edit:

what worries me is this:
which suggests you don't know what convex means or aren't grasping that it is referring to the the 'measure' which is convex by design.

Your post title mentions norms and measure. If it were me, I'd look at the norms in detail and explore why they are convex. (Hint: M2 and M5 still apply.) Induced Norms (and Schatten Norms) are quite common and are what these 'matrix measures' are being built on...
Thanks for return @StoneTemplePython , I would like to ask another question as a reply to my post 1. Let's say we have 2 dimensions (x,y) for the elements of Hessian matrix in total, and concentrating on 5<=x<=10 and -3<=y<=2. Also we know that measure function is convex a function which means u(A) is convex. Besides, we can imagine (u,x,y) space and u is a function of x,y(because elements of Hessian consists of x,y). Here, can we say that in order to obtain MAXIMUM value of measure function for the intervals 5<=x<=10 and -3<=y<=2 we can just look at bound points? (for instance for a basic parabola function(z=x'^2+y^2), maximum value of parabola for intervals 5<=x<=10 and -3<=y<=2 would be at bounds...)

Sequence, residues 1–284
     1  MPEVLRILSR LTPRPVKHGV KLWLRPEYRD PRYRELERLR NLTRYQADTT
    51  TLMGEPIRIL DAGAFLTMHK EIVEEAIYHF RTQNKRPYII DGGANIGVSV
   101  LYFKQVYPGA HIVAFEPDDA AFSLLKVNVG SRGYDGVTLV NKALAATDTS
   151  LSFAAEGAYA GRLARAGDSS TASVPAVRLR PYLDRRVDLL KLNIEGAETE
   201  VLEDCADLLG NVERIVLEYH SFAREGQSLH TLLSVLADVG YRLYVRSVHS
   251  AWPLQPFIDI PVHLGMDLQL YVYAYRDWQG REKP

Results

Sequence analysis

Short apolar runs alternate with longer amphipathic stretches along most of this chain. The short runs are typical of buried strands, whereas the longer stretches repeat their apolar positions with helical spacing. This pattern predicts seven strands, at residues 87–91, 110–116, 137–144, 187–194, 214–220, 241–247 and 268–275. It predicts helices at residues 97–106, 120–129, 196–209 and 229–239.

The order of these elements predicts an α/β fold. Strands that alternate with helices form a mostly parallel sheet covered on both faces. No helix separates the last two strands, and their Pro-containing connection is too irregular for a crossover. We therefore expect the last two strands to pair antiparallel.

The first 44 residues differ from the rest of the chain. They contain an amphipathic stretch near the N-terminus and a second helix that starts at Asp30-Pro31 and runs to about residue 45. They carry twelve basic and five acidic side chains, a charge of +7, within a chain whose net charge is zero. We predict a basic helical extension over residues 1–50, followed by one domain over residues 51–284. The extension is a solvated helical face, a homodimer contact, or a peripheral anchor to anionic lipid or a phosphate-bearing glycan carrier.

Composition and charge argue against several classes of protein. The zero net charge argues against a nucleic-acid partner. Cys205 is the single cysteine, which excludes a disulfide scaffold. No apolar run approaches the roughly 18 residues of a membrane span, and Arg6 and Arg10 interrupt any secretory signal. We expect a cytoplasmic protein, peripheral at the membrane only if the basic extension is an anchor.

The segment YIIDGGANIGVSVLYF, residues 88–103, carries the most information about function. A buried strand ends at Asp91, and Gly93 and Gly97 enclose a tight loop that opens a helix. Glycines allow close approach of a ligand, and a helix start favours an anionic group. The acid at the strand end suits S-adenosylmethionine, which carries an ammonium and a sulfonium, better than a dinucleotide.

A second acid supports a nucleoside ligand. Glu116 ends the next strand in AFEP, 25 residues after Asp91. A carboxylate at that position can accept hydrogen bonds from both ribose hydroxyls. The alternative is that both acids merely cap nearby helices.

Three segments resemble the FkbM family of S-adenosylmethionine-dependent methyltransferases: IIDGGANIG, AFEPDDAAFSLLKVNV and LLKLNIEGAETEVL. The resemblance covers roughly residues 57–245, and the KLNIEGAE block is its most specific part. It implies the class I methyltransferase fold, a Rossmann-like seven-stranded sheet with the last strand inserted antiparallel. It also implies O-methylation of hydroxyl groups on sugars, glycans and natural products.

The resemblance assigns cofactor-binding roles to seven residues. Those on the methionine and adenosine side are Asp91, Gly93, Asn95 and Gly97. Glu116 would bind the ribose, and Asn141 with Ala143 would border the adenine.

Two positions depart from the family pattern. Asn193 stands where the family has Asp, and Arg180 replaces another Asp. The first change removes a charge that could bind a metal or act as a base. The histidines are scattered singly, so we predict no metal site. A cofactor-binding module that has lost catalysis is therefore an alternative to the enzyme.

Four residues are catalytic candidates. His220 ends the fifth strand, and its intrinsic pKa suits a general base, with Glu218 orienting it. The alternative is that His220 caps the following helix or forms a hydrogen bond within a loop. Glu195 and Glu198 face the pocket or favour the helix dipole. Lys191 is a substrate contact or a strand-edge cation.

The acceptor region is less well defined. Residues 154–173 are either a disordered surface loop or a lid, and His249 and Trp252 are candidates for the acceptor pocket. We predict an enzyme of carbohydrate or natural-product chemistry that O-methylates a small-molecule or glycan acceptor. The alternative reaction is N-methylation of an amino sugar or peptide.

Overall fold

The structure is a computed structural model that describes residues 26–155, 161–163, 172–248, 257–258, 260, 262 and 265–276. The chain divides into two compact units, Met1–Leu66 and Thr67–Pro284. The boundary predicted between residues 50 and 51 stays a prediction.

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  • #4
mertcan said: